• VA does not require any paperwork prior to the time a contract is accepted on the property. However, it does have requirements for doing a short sale:
      • The property must be sold for fair market value.
      • The closing costs must be reasonable and customary.
      • The compromise sale must be less costly for the government than foreclosure.
      • There must be a financial hardship on the part of the seller.
      • On loans that originated on or before December 31, 1989, the lender must be willing to write off any debt above the max guaranty.
      • There must be no second liens or other liens (unless the amount is insignificant).
      • In situations where there are second liens or other liens, the seller can request that the lien holder consider releasing the lien and converting the loan to a personal loan.
  • U.S. Treasury HAFA Short Sale
      1. The property must be listed with a licensed real estate professional who regularly does business in the community where the property is located.
      2. Either a list price approved by the servicer or acceptable sales proceeds will be stated in Short Sale Notice to the borrower/seller.
      3. The property must be listed for not less than 120 days and may be extended for up to a total term of 12 months.
      4. The borrower/seller is responsible for property maintenance and repair.
      5. The servicer must have a policy on re-evaluation of value and reconcile any discrepancies between the servicer’s independent assessment of value and the market value data provided by the borrower/seller or the borrower’s/seller’s real estate broker.
      6. If the new value determination is less than the value determined by the initial Short Sale Notice (SSN) to the borrower/seller, the servicer must notify the borrower/seller and real estate broker in writing and confirm the new list price or acceptable net proceeds based on the new value. Servicers may not increase the minimum net proceeds required until the expiration of the terms of the short-sale notice (120 days).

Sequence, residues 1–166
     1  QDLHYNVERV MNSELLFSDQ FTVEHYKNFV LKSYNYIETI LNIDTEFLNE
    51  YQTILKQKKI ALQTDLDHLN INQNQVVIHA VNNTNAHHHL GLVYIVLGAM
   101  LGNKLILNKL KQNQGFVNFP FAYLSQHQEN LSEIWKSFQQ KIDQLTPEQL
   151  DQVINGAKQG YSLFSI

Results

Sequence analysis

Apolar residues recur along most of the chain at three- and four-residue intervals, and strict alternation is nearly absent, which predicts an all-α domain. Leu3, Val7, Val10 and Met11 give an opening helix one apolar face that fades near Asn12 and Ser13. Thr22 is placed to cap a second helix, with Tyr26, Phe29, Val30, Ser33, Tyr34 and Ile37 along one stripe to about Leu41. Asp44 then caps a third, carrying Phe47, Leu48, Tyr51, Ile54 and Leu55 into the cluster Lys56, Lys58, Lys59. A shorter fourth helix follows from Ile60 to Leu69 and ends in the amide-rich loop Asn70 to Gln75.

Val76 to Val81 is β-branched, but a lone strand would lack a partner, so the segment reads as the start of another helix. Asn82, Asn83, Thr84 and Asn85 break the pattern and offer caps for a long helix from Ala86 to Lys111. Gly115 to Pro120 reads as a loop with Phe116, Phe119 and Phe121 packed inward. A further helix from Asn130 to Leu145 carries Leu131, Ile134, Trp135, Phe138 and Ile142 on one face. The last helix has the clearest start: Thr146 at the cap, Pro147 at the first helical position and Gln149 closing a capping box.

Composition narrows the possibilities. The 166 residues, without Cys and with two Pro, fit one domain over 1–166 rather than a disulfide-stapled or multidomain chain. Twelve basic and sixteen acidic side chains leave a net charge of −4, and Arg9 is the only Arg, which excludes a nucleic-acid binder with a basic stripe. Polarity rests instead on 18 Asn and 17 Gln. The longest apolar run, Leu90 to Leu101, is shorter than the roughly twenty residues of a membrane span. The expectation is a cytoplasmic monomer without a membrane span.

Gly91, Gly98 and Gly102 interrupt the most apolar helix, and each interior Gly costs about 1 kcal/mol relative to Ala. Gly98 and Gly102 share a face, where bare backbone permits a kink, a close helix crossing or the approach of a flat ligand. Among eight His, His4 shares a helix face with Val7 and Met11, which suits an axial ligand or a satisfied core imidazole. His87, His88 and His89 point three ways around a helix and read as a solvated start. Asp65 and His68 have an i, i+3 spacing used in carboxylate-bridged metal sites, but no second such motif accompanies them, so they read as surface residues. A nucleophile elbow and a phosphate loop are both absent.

• Servicer response times:
    • The servicer must consider the borrower/seller for HAFA within 30 calendar days of receiving the request.
    • If the servicer is unable to respond within 30 days, the servicer must send a written status notice to the borrower/seller on or before the 30-calendar-day deadline.
    • The servicer must then follow-up with written updates every 15 calendar days until the servicer is able to provide a short-sale notice or DIL agreement.
    • The borrower/seller has 14 calendar days from the date of notification to contact the servicer by verbal or written communication and request consideration.
    • The servicer must notify the borrower of HAMP if the servicer determines that a loan modification could be an option.
    • If an executed contract is submitted with request for short sale, the servicer must respond within 10 business days along with the Hardship Application or request for mortgage assistance (RMA). The servicer must approve the request for short sale within 30 days or notify the borrower/seller with written status updates every 15 days until the request is approved or not approved.